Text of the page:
Let’s take a couple of steps laterally in each direction. Easy. Right?

Here comes the secret sauce, where the paddle position gets us into trouble is what it does to the rest of the body.

Get back in your ready position. Make sure you feel the weight on the balls of your feet? Without changing anything else, drop your paddle hand. Is your weight still on the balls of your feet? If you’re like most people, it’s moved to your arch or your heels.

Now move laterally. Is it easier or harder? If your weight is in the arch or your heels, it’s significantly harder.

Conclusion

What I see time and time again is players standing tall, flat-footed with their paddles near their hip. Even if they don’t start that way, during rallies, our paddles tend to drop lower and lower. When your paddle moves lower and closer to your body, your weight moves further toward your heels, and you’re less balanced. If we’re on our heels, it’s easy for a hard shot to knock us backward or to have a difficult time moving to the ball.

Pickleball is about movement, and if you’re over 50, efficient, balanced movement is quicker. To improve your ready position and your balance on the court, spend a few minutes a day working on balance off the court.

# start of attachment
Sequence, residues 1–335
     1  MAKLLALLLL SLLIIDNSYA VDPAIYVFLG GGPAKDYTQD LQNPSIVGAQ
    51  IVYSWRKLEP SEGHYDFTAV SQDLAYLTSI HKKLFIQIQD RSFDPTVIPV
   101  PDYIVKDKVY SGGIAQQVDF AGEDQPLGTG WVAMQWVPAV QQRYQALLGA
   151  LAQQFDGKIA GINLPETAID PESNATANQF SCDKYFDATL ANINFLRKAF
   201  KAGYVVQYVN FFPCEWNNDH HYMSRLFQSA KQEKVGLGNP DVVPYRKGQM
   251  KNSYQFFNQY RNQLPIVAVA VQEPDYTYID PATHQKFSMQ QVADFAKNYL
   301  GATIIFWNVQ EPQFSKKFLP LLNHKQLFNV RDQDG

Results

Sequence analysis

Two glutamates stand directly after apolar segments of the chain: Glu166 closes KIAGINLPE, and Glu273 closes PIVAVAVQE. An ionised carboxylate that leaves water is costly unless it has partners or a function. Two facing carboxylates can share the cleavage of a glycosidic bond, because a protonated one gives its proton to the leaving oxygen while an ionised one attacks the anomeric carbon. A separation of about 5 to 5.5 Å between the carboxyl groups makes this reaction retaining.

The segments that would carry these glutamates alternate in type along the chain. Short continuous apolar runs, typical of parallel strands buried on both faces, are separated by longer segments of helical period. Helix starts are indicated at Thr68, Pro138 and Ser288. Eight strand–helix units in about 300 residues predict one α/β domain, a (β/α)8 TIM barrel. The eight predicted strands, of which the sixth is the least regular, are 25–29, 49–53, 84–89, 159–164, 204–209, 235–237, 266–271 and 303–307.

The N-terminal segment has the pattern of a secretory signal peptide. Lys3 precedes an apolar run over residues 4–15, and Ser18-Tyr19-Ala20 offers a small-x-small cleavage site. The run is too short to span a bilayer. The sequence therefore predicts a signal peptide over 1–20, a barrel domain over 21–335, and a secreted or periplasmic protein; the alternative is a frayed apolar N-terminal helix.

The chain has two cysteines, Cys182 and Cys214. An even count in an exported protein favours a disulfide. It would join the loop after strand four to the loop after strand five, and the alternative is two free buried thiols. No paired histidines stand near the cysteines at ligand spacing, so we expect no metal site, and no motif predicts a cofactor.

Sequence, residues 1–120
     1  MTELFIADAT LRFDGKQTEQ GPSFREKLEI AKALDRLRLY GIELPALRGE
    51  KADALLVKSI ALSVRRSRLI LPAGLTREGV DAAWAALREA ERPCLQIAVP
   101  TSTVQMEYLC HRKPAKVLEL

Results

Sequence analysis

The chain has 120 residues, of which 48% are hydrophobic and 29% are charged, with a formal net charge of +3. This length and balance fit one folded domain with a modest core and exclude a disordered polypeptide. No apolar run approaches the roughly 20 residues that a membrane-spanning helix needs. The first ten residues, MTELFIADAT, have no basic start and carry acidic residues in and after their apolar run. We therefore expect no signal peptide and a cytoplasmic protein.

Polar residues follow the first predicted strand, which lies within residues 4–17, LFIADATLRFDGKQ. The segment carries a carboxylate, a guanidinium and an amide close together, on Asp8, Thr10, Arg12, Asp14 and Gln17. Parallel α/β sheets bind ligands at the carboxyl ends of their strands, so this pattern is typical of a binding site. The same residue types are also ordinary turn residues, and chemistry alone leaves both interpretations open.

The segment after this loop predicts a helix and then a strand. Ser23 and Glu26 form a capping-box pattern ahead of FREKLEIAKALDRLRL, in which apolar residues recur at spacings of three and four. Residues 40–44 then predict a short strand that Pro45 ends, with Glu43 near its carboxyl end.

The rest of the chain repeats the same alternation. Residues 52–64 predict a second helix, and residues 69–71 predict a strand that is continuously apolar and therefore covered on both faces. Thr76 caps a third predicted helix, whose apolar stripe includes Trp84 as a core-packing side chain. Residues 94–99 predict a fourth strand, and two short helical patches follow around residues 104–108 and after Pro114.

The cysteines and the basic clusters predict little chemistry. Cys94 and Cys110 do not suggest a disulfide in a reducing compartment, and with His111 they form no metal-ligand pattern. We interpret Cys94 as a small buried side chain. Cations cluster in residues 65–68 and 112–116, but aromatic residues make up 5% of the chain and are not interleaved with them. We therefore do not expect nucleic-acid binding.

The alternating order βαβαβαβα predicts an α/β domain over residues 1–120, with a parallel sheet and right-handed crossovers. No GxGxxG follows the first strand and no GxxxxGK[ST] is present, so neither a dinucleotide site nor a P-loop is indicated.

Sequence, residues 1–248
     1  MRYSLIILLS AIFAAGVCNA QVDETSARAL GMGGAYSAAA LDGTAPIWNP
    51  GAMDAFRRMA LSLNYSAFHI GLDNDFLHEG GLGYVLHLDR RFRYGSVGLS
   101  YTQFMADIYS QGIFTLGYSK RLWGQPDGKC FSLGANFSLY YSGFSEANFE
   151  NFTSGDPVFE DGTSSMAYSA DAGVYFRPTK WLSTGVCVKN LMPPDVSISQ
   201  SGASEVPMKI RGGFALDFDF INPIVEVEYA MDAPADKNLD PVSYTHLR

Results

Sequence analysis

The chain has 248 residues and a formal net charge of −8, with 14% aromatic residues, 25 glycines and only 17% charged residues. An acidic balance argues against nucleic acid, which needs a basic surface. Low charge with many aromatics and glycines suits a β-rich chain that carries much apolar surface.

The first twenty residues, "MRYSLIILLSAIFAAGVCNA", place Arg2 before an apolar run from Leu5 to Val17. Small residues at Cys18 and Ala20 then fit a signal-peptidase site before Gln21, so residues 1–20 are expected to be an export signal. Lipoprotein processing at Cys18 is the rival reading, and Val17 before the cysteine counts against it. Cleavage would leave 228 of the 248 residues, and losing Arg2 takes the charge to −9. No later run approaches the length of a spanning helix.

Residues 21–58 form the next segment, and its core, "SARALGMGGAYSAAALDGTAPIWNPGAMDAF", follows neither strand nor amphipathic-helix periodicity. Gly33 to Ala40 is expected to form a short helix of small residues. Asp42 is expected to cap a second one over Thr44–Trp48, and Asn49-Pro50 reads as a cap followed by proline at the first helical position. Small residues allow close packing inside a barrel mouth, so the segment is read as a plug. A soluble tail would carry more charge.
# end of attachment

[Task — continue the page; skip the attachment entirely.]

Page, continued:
CJ Johnson

Hey there — I’m a professional three-sport athlete and coach who has spent my entire adult life earning a living from playing and coaching sports. Since I started coaching more than three decades ago, one thing has remained the same: My commitment to see students not as they are but as what they can become and to move heaven and earth to help them realize their untapped potential. You should know that when it comes to helping pickleball players over 50 live their best lives on and off the courts, I'm an expert. Good pickleball is not just technique; it's the mind and body working holistically. That's why I'm also a personal trainer and weight management specialist. When I’m chillin', you'll find me watching Star Trek with my husband John and our two fur babies, Shirley and Ralph. (Yes, Happy Days)